The Dogo Argentino is large and athletic, yet elegant and balanced, and has an instantly recognizeable head and short, white coat. As the name and appearance suggests, this dog originated in Argentina, and was originally bred to hunt wild boars and other dangerous game. This dog's head is strong and large, though so is the rest of its body — but again, blessed with explosive energy and agility, the Dogo is no lumberer. They also have excellent noses, which serves to track prey.
Sadly, this dog's association with fighting and criminal activity coupled with public fear has led to it being banned in several countries.
Dogo Argentinos are a large breed, weighing 88-100 pounds, stand 24-26.5 inches tall, with females slightly shorter and lighter. Their life span can be 9-15 years, and they do not suffer from as many health issues as other large breeds. While overall quite healthy, they do carry some deafness, and BAER testing is advised. Their short, distinctive white coat does not require much grooming, nor do they shed a lot. They do require a lot of daily exercise, however: whether chasing a ball, retrieving, swimming, or hiking, these are dogs who need to be active.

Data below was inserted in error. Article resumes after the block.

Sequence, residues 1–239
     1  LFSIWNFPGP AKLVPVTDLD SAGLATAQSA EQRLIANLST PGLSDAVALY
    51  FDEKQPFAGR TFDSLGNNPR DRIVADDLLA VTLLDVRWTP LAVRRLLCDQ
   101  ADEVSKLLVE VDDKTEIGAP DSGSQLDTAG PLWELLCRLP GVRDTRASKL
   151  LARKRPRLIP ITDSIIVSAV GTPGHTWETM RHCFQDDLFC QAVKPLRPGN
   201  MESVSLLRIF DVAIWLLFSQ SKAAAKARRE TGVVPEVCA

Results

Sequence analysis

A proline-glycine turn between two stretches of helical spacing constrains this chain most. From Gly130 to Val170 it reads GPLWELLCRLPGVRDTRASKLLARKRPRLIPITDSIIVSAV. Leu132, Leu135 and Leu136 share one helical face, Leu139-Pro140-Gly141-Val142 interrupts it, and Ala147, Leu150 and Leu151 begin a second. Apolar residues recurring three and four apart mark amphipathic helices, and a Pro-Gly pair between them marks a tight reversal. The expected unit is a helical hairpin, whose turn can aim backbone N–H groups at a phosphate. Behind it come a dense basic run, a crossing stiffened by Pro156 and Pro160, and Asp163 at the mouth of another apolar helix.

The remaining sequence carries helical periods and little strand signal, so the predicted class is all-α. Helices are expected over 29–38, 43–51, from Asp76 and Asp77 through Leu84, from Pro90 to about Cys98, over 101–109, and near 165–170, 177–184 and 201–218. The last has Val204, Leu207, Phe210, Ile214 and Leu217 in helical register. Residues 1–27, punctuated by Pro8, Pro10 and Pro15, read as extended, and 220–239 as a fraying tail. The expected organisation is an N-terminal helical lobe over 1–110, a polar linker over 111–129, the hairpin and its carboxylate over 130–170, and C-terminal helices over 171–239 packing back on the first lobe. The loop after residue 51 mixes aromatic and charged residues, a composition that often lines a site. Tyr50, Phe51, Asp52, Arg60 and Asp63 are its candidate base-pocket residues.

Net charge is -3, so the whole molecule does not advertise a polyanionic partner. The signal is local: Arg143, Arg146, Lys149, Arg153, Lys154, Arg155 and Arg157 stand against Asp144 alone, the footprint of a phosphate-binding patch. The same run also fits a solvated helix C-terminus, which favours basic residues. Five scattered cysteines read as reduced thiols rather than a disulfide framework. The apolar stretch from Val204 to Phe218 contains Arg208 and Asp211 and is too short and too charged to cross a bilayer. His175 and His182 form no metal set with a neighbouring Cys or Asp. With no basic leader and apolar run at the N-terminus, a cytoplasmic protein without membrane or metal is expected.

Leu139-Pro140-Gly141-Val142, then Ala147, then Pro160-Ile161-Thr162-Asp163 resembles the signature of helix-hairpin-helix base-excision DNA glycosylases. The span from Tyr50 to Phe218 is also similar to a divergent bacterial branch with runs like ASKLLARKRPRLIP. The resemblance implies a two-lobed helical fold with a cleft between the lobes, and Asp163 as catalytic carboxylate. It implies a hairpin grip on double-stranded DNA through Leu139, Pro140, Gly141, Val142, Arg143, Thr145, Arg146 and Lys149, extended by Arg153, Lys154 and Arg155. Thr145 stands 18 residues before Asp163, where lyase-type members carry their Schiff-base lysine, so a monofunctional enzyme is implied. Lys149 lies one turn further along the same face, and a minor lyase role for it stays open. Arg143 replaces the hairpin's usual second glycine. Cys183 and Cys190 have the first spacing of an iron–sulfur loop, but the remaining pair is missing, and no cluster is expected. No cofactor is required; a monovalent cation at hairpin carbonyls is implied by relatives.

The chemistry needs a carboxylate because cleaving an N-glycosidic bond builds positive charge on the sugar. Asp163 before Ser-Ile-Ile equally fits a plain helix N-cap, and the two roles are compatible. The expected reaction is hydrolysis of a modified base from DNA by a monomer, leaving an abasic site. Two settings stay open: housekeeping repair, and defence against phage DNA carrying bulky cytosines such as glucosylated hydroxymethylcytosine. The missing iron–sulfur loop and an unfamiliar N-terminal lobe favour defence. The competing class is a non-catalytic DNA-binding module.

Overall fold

Breed Notes: Friendly, Cheerful, Humble
Famous Dogo Argentino: in 2008, a dog namd Morocho heroically saved two young girls from a puma, possibly saving their lives. He was seriously hurt, but nursed back to health and naturally treated like a hero after the incident.
Each AKC approved purebred breed has its own national club. The mission of these “parent breed clubs” is to improve and preserve a particular breed by advancing knowledge about its history, its health and care requirements and by assuring that the breed’s form and function remain true to its historical physical type and character: A Dalmatian, for instance, should be athletic and have a natural affinity for working with horses. A Fox Terrier should have the right body size and shape, and a drive to go after vermin.
Pet owners, breeders, trainers, veterinarians, and others with a special love for a breed, join the parent breed club to meet like-minded enthusiasts and to support the club’s mission.
The national parent breed club is the first place for the public to go to learn about a breed or find a knowledgeable, experienced breeder.